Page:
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HIGHLAND HEIGHTS, Ky. -- Northern Kentucky University just keeps getting bigger and smarter.
Faculty and staff welcomed 2,250 freshmen at the university’s convocation Thursday, a nearly 10 percent increase compared to 2012.
The class has more brains to go with its brawn, boasting the best academic credentials of any class in NKU’s 45-year history. The freshmen’s average ACT score jumped to 23.3, compared to 22.7 last year and 20.7 five years ago.
“It’s a reflection of the quality of our academic programs,” President Geoffrey Mearns told assembled freshmen, faculty and staff at Thursday’s convocation. “It is also the result of a deliberate enrollment strategy that has communicated to outstanding students that NKU should be their first choice.”
The university is succeeding despite tight budgets that are especially strained by Kentucky’s strained budget, where underfunded pensions are taking priority over education dollars as the commonwealth’s economy slowly recovers.
The university’s budget will remain around $223 million and its faculty and staff about 2,100, about the same as last year’s, according to Chris Cole, NKU spokesman.
Mearns proudly rattled off other signs of progress at NKU, including a diversifying student body, as reflected in a 13 percent increase in the number of African Americans in the freshman class. The school’s Latino population has also increased, thanks in part to outreach efforts like the Second Annual Latino College Fair earlier this year.
The university has work to do on boosting graduation rates and undergraduate retention, Mearns said. According to U.S. News & World Report, NKU’s retention rate is 67 percent while it’s four-year graduation rate is 11 percent, a figure that reflects the large number of part-time and non-traditional students that take classes there.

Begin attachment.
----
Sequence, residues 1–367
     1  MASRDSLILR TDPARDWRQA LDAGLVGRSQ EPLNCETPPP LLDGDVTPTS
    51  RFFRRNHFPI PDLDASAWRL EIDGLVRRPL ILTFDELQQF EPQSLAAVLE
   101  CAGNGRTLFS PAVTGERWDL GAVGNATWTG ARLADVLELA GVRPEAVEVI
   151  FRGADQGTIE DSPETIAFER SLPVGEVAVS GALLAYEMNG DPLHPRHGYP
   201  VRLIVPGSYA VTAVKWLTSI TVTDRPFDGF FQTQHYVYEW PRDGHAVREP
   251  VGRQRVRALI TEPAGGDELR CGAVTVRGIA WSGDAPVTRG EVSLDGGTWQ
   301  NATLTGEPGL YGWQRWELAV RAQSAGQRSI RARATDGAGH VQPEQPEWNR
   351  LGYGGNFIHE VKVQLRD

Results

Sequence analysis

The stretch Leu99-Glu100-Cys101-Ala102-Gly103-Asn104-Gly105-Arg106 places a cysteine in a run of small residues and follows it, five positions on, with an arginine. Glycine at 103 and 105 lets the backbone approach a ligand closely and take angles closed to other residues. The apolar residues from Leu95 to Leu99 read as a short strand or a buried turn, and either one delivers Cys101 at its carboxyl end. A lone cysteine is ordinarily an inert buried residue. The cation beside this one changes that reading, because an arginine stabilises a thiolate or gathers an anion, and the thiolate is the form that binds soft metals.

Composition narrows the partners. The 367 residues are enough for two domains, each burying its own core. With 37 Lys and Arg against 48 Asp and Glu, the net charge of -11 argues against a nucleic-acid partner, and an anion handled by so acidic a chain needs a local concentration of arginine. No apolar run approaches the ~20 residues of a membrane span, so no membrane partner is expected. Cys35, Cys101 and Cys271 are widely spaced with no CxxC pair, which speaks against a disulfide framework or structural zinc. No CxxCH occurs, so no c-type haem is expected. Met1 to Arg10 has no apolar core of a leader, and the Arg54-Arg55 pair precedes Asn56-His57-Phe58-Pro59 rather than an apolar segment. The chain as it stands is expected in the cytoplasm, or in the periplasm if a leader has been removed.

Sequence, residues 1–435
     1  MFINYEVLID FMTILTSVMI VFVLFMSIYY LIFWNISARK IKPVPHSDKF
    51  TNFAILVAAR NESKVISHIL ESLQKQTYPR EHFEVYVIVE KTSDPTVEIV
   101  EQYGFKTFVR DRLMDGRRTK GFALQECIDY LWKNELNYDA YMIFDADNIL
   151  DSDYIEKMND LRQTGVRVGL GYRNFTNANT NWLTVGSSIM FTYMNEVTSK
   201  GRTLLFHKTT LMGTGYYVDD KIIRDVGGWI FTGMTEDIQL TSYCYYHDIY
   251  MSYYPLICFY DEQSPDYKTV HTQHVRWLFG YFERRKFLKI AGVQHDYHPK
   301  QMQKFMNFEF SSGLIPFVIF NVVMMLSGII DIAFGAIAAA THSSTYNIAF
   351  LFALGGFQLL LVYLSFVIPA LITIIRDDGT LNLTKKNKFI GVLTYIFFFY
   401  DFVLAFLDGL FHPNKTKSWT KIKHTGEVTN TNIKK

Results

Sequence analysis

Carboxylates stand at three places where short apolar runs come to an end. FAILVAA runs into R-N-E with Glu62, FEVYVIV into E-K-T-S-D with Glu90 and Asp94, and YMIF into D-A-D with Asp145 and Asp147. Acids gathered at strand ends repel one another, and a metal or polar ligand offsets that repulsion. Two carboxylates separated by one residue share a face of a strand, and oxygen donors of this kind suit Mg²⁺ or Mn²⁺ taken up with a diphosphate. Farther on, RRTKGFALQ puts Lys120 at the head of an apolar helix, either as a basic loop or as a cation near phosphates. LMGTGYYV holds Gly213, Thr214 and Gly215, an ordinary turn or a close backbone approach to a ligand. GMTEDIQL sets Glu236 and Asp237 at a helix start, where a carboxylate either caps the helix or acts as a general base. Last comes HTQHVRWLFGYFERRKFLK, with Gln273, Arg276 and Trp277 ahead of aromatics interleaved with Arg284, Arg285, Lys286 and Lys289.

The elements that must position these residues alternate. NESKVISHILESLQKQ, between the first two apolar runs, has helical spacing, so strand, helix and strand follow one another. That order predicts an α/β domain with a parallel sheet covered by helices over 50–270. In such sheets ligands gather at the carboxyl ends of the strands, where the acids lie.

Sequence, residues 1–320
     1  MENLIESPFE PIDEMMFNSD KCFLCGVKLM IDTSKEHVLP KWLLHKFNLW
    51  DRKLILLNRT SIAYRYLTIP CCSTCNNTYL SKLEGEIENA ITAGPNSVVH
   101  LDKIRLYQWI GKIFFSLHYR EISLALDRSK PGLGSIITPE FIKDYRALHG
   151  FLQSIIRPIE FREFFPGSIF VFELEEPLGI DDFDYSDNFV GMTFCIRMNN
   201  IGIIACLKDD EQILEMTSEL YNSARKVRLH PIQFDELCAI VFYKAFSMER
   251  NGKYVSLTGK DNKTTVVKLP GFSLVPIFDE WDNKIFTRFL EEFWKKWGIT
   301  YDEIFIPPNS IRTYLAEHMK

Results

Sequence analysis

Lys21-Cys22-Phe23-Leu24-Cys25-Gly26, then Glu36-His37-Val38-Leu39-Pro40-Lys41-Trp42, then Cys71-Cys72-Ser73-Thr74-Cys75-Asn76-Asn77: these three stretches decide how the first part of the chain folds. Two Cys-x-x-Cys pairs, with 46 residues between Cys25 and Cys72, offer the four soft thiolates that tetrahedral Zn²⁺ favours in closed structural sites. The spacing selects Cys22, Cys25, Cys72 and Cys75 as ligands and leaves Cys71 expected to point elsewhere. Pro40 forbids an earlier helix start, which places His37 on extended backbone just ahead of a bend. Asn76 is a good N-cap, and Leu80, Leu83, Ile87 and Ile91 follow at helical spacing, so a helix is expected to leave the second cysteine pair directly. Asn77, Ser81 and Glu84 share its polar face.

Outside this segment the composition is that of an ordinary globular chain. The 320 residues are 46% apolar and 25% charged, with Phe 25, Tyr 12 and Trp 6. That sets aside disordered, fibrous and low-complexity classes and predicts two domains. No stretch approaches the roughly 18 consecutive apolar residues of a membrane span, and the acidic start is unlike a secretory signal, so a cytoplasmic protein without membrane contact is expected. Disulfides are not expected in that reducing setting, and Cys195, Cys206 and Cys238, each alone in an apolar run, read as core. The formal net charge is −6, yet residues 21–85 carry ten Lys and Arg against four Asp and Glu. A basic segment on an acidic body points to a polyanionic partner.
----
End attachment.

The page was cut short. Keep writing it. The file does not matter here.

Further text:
Mearns, who succeeded James Votruba in 2012, convened a committee last January to create a new strategic plan to build on the university’s successes. After 10 campus forums, the completion of surveys by 3,000 students, faculty and staff and seven working groups focusing on various aspects of the university’s mission, NKU is poised to release a draft of the plan on Sept. 1.
“We will emphasize the importance of lifelong learning,” Mearns said by way of previewing some of the plan. “We must give (students) the skills, the value and the character to have fulfilling caeers and meaningful lives in an increasingly dynamic and competitive world.”
Students want to be challenged, planners learned. “They want us to demand excellence. We have, and we will. We mus also demand excellence from ourselves in everything that we do,” Mearns said.
To accommodate the growing student population as well as to entice future students, NKU continues to expand its campus, including a new residence hall for 200 students that will open in fall 2014.
Though NKU has continued to expand its residential student population, it remains a big draw for non-traditional students. About 47 percent of its graduates last year were 25 or older, Mearns said. “That fact distinguishes our institution. It’s also a fact that makes us proud,” he said.
The university is also embracing the trend of online courses, having experienced a 30 percent boom in online class enrollment in 2012 and an expectation of double-digit increases this year.
Mearns ended his convocation speech praising the vision of the leaders who built NKU from scratch 45 years ago and presided over its rapid expansion. “I believe we have an obligation to honor their efforts and their memories with a sustained commitment to achieve our individual and collective aspirations,” he said. “For now, it is our time.”
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Bob is WCPO's education reporter, highlighting what's working and what needs fixing from preschools to doctoral programs. A Cincinnati native, Bob was previously a regular contributor to the New York Times and was a staff reporter on many beats through 10 years at the Cincinnati Post and Kentucky Post newspapers.